You will definitely want some high quality needle files of several sizes. I used to have over a hundred but that is not needed. Two or three sizes will probably do. A few high quality Swiss pattern files are nice, including some dovetail files. You will also want high quality stones, India and ceramic or Arkansas, Smith sells cheaper stones but I find Norton to be worth the extra money for the quality of the stones and their shaping. These small stones will be used for some of the finest finishing and fitting work and they are not where you will want to skimp if you are going to be using them.

A decent supply of crocus paper and fine wet or dry paper, 1200, 600, 400, and 320 at least, will be useful in sheet or 2" strip form.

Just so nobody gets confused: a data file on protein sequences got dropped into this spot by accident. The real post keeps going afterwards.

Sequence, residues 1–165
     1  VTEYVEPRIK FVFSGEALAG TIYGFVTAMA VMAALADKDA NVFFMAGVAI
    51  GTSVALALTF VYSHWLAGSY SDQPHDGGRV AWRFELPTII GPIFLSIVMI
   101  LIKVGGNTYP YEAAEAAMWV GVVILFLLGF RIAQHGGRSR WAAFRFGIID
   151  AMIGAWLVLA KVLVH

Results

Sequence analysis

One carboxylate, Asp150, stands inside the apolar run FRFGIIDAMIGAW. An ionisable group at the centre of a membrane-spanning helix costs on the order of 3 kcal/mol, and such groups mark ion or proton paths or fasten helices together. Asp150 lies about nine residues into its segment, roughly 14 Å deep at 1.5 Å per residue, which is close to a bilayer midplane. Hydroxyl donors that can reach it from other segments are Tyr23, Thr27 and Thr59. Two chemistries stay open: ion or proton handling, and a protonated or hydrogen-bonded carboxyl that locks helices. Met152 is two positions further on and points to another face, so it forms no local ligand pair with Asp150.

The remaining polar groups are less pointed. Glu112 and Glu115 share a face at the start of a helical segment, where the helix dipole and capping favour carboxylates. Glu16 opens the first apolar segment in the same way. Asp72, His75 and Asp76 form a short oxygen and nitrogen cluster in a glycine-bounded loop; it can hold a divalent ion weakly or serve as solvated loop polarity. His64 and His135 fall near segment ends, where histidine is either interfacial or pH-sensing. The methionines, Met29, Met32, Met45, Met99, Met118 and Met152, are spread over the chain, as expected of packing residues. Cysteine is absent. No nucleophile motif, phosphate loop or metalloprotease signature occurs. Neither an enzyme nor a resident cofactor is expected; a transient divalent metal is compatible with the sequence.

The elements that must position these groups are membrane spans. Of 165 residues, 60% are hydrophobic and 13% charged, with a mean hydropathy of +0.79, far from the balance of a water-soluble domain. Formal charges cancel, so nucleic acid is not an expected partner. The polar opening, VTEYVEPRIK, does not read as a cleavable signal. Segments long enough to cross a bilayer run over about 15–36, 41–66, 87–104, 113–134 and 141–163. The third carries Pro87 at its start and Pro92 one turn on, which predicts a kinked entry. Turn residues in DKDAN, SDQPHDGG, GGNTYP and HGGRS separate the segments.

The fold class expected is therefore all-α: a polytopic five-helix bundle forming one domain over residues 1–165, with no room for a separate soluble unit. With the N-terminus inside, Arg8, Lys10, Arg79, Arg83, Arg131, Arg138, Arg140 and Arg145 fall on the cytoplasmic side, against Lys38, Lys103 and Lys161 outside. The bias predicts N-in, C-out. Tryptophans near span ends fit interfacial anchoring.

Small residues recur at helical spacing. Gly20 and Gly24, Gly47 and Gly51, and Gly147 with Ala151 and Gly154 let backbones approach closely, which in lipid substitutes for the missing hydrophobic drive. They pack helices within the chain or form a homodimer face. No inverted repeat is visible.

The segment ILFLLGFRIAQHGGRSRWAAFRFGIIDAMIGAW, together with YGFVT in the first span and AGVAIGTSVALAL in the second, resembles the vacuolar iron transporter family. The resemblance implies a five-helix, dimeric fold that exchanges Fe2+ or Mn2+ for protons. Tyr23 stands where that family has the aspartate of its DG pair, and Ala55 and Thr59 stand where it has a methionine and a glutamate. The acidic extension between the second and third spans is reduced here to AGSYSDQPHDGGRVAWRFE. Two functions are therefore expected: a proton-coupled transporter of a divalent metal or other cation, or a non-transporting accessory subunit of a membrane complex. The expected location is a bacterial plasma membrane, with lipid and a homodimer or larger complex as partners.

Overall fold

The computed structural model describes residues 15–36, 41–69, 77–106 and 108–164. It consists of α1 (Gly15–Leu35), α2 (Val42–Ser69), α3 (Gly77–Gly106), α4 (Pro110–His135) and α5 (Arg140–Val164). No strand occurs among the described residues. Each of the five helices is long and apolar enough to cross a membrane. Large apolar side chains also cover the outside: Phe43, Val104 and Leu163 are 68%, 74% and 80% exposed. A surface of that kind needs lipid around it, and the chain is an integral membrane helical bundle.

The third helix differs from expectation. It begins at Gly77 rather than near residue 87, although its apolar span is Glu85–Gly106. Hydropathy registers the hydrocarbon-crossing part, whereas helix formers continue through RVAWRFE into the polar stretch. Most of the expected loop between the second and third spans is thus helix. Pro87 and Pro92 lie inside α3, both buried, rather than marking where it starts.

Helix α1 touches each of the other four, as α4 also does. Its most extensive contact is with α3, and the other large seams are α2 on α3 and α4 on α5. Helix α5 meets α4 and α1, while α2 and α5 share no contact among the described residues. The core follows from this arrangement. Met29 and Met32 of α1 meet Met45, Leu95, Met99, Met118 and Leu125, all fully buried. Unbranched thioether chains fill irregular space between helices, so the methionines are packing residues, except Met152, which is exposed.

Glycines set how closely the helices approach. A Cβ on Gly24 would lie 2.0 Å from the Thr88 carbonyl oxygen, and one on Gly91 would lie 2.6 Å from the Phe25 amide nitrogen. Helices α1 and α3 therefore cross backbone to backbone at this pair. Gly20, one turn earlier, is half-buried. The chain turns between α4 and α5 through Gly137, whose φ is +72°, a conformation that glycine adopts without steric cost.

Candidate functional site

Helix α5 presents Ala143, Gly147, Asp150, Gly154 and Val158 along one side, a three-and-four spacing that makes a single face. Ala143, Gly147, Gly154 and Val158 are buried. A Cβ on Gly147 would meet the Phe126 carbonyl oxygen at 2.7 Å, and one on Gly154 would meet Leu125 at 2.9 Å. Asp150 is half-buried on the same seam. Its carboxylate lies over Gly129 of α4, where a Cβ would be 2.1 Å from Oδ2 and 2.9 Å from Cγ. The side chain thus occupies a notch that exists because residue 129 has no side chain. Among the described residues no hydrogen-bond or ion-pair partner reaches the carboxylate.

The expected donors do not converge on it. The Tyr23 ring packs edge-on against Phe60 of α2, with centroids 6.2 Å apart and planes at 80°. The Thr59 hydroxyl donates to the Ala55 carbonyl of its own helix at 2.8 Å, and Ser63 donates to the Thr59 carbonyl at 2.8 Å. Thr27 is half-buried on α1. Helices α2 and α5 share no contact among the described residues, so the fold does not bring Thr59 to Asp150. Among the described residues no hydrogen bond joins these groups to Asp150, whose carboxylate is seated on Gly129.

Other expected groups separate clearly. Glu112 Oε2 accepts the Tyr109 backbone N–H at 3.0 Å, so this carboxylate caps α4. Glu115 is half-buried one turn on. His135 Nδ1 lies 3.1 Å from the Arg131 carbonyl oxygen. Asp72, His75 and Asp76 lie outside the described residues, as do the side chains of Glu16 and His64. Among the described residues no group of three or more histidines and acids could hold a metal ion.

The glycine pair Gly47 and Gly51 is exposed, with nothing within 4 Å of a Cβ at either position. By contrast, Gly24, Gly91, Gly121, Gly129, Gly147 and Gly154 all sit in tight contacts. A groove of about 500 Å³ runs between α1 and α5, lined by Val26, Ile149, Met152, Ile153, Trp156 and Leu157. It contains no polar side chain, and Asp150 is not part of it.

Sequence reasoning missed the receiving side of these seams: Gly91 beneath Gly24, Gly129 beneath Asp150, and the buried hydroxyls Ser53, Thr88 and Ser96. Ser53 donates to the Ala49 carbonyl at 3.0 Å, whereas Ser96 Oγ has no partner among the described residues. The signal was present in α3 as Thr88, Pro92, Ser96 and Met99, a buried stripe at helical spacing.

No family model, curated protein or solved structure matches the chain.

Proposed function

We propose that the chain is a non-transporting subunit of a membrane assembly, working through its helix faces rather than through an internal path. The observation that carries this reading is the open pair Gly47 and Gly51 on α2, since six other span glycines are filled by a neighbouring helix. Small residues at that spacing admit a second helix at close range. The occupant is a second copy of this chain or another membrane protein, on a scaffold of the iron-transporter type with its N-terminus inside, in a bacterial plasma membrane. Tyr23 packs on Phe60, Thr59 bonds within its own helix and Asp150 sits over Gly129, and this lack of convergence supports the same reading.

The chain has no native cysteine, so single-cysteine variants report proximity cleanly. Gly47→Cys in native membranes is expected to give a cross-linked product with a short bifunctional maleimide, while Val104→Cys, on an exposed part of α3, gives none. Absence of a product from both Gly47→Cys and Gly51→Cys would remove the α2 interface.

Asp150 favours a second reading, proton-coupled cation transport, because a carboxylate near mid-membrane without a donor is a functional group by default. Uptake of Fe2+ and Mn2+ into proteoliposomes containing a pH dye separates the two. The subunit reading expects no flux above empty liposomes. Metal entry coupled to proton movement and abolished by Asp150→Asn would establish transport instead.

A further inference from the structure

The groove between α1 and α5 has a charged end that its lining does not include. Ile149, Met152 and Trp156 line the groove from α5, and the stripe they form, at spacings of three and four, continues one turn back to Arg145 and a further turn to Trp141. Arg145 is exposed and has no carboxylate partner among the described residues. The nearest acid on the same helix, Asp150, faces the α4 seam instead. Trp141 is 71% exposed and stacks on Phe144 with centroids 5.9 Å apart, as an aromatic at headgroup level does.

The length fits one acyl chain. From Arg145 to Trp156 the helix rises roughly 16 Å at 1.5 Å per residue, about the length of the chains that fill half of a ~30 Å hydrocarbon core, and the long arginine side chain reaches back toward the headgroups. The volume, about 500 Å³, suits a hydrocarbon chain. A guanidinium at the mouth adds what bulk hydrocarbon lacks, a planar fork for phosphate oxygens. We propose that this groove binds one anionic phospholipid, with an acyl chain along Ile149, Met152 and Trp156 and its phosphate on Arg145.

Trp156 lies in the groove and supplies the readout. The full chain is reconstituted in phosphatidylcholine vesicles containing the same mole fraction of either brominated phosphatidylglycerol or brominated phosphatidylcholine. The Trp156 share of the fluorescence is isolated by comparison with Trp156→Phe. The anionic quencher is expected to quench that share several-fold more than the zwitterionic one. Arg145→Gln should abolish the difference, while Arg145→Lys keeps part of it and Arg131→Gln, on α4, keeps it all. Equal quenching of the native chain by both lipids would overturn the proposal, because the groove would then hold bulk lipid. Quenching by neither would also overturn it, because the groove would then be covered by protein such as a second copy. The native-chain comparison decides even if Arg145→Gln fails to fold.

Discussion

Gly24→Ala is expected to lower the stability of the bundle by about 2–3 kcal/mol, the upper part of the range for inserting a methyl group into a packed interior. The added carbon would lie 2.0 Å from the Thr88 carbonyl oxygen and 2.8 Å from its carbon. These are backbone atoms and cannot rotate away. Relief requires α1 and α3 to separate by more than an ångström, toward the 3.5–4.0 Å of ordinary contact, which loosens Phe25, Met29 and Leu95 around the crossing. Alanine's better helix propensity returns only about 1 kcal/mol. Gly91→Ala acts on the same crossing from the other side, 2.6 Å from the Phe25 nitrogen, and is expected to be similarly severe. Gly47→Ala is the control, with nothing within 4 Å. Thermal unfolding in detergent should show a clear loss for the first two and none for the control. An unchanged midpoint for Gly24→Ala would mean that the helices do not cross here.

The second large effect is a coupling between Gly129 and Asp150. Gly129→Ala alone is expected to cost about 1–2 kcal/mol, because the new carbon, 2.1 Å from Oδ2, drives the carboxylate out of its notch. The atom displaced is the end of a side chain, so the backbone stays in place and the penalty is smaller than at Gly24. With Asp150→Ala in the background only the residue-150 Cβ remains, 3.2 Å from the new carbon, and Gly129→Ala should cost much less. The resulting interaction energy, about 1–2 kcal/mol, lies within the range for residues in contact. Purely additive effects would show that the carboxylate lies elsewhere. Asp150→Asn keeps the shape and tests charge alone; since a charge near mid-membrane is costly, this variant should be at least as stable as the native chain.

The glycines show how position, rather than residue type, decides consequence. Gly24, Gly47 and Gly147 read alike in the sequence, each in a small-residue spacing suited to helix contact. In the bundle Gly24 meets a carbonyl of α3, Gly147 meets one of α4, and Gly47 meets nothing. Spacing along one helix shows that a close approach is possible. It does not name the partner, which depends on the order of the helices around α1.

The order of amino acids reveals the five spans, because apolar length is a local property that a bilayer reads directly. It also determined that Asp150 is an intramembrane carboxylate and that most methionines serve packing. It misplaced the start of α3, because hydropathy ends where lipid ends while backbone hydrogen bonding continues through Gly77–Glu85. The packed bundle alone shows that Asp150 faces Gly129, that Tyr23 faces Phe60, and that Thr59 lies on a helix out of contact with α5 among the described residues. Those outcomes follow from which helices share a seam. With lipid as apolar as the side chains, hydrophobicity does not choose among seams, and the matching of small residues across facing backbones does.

The Chapman screwdriver sets are nice and I have used mine but I prefer a good fixed blade parallel ground set like the Grace for most use, with the changeable tip sets for the odd screws and for custom ground tips. This may just be personal taste, the Chapman set has a fine reputation and I like mine a lot, though I don't use it much. The Grace wooden handled set is reserved for gunsmith work only, as are some of my best stones and needle file sets.

Some high quality scraping and deburring tools are important but these are easy and cheap to make. There are a few you can buy that are useful but well made ones are better.

Cratex and Scotchbrite are useful. I used to work at a plumbing wherehouse and could buy acid brushes cheaply by the gross. If you can find these in bulk they are handy for many things. The same is true of flat sticks like Popsicle sticks. I also use many Q-tips but these are obvious.